Potsticker Recipe

Looking for the best China has on offer or just a tasty bite? Check out this Potsticker recipe and enjoy the flavorful Asian ride!

Gyoza recipe - SunCakeMomKnowledge is power, yet not all knowledge has been created equal. Or more precisely, not all knowledge will serve us right. Knowledge, based on misinformation, will yield decisions that’s power turns against us, instead of helping us achieve our goals.

In computer circles, the phrase “garbage in garbage out” highlights the importance of precise information collection.

Unfortunately though, we don’t always have all the information we need. The field of science is especially prone to draw wrong assumptions from the incomplete data, scientist work with.

It’s not like scientist don’t know what they are talking about. They are experts on the given matter, hence base their decisions on the best available information.

Only we live in an era when new discoveries come in almost daily that influence or completely rewrite our knowledge about today’s best available science.

Interestingly, the less we know about a subject, the more likely we overestimate our knowledge or ability. It’s a well-known cognitive bias described by the dunning-Kruger effect.

No wonder, the healers in the Middle Ages were so confident in their abilities. Probably, they weren’t more informed than ourselves when we make a statement about a nation cuisine, judging by its national dish only.

Potstickers, although popular when it comes to national dishes, Chinese people more likely to think about scrambled eggs with tomato chunks than Peking duck or dumplings.

Potstickers or, for those learnt on the lore of Asian cuisine,  Jiaozi are Chinese dumplings, commonly eaten in China and other parts of Asia.

The rather strange form factor can thank its appearance for superstition and the shape of Sycee a type of golden ingot, used in China as currency until the beginning of 20th century.

Of course, when it comes to centuries old food, there are several other origin stories, including simple references to the dumplings’ horned shape which is called “Jiao” in Chinese. There is also a folklore about the Ming era’s famed Chinese physician who treated people’s frostbitten ears in a village with stew, wrapped in dough until the Chinese New Year arrived.

Either way, serving these dumplings is believed to bring prosperity, hence many Chinese families eat these at midnight on Chine’s New Year’s Eve with some cooks hiding a coin inside one for the lucky to find.

The name Potsticker came from a translation blunder and in reality, only meant to describe one type of Jiaozi made in a pan with open ends but the name stuck. Nowadays, all the dumplings filled with something is called a Potsticker in the English-speaking world, or in more eloquent fashion, “Chinese dumplings” is also used.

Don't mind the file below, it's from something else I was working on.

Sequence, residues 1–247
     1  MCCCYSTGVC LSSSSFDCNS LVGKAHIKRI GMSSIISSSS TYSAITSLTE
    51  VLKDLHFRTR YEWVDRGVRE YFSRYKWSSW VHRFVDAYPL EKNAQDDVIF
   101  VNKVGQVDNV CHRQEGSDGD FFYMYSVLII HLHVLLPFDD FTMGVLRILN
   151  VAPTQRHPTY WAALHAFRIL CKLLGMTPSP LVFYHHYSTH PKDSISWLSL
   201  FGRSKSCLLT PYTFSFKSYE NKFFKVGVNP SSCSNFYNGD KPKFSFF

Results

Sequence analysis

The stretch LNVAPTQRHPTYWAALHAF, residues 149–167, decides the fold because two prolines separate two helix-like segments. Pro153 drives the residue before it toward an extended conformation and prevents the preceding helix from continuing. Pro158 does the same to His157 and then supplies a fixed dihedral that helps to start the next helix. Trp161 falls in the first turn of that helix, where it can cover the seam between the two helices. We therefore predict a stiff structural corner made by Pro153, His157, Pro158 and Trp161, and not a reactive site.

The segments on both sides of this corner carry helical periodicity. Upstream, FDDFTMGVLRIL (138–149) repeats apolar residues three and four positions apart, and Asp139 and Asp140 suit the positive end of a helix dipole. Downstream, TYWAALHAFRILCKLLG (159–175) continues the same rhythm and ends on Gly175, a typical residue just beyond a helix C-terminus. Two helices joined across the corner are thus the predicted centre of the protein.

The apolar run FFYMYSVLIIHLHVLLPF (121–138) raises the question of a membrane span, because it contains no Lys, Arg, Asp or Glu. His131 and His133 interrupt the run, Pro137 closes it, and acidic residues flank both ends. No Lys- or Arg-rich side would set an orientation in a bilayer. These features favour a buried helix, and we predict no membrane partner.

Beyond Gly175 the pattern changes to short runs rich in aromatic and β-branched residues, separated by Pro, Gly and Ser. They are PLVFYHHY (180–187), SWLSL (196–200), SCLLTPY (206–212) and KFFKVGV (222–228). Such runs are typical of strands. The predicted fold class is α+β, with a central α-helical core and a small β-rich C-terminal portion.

Nowadays, Potstickers can be found all over the world’s Asian restaurants in some form or the other, sometimes under different names, like it is the case with the Japanese Gyoza.

The exact ingredients of the Potstickers can vary, not just from part of the region but by family to family. Ground meat, chopped vegetables and soy sauce seem to be a common ingredient in most of them, except, of course the vegetarian ones.

Some mutual understanding across regions do exist though, as an example Gyoza tend to be more garlicy than Jiaozi. However, if someone throws an extra clove of garlic or two into their dumplings, no one will kick it off the pedestal of Chinese cuisine to the other side of the archipelago because it belongs there.

Getting into the bottomless hole of dumplings is an exciting journey that may never ends. Once dipped into the cavalcade of flavors and textures, we run the risks of never feeling the same again, but  knowledge is all about having more of it. Just like dumplings.Gyoza recipe - SunCakeMom

Ingredients

  • 1 pack of Jiaozi(about 50)
  • 3 cups / 200g Bok choy or Cabbage (finely sliced)
  • 1 piece / 10g Ginger (peeled, grated)
  • 1 clove / 3g Garlic (grated)
  • 1 lb / 500g Ground pork
  • 2 teaspoons / 10g Salt
  • 1 tablespoon / 15ml Soy sauce
  • 1 tablespoon / 15ml Sesame oil
  • 2 tablespoons / 30ml Cooking oil (for frying)
  • Basic dipping sauce
    • 3 tablespoons / 50ml Soy sauce
    • 1 teaspoon / 5ml Rice vinegar
    • 1 tablespoon / 15ml Cooking oil
    • Hot sauce to taste

How to make Potsticker

Potsticker Wrap

  1. We can make wrappers by kneading two parts of flour to one part of water. Flour-water-dough-knead-roll-bowl--gp--1-SunCakeMom
  2. Roll the dough out thinly and cut them with a cookie cutter. Or we can simply buy them in any Asian shop, sometimes under the name of Gyoza.Flour-water-dough-wrapper--gp--1-SunCakeMom

Filling

  1. Finely slice the cabbage. Peel and grate ginger and garlic.Bok-choy-cut-chop-slice--gp--1-SunCakeMom
  2. In a bowl, add cabbage, ground pork, salt soy sauce and sesame seed oil. Mix together the ingredients by hand until it is well combined.